Especially in down economic times, marketers need to get the most out of their advertising and other marketing dollars. In today’s world, more than ever though, the effectiveness of advertising is very dependent on the volume and general tone of consumers’ conversations (principally online) about your product and company.
The strength of effect is directly proportional to the volume of the chatter, and the direction of the effect (positive or negative) is correlated to the tone of the conversations (positive or negative). As the chart below illustrates, the lower the volume of activity, the less impact it will have on your marketing efforts, regardless of the tone. However, the greater the volume, the more it will affect your marketing efforts—if the tone is negative the effect will be negative and if the tone is positive the effect will be positive.
When consumers voice their opinions on the internet, they are broadcasting them to everyone who wants to read (or hear or see) – around the globe. People create their own blogs, post to others’ blogs, participate in online communities, write reviews for e-pinion and e-tailing sites, upload videos, etc. And those posts remain there for years to come. Therefore, any new person interested in finding out about your product will see the chatter—old and new—and will be influenced by it.
So, assuming a high enough level of online conversations (consumer “buzz”), how does the tonality of that buzz affect the effectiveness of your advertising? As the chart below shows, it has a significant impact.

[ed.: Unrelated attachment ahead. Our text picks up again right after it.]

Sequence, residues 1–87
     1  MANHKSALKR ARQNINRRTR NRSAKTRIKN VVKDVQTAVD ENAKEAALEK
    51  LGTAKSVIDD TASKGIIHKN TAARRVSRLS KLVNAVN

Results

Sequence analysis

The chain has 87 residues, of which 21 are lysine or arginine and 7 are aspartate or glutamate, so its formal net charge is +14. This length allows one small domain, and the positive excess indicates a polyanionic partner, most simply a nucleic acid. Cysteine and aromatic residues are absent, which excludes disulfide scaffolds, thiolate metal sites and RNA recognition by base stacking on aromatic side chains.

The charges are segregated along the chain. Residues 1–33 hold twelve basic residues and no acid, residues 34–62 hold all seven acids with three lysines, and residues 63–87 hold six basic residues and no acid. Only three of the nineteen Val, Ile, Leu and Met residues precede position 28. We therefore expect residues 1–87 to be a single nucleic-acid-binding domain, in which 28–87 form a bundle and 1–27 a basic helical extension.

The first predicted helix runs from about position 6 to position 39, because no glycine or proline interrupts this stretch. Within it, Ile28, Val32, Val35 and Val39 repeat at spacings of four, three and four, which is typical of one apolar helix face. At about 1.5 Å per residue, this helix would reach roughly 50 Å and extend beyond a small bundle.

It might at first seem counterintuitive, but increasing advertising expenditures and overall presence (reach and frequency) to combat negative buzz (bottom right quadrant above) can actually have the exact opposite effect – it can hurt both your long- and short-range sales efforts. Principally because of all of the online conversations over the internet, advertising today has very little effect on consumers’ positive or negative perception of your company or products. Rather, advertising spreads awareness of your message/positioning (just not the authenticity of it). Today, once people are aware of you, more and more of them will turn to the online conversations to assess the features and quality of your products and services. So, if an overall strong negative buzz exists about you, increasing advertising will just make more people aware of the market’s negative impressions about you.
Conversely, if there is a strong positive buzz, then the positive effect of strong advertising programs will be amplified. However, that’s not to say that you should limitlessly increase your advertising budget. As with most situations, there are diminishing returns to increased efforts, as illustrated below.
Therefore, a structured measurement and analysis feedback loop is critical in any advertising program to help marketers achieve their goals without overspending.
So, given all of the above, how should internal marketers and advertising agencies optimize their advertising efforts? One way that Domus, Inc., a Philadelphia-based advertising agency, does this is by incorporating an aggressive “Internet Presence Management” program as part of the overall strategic plan it develops and executes for its clients.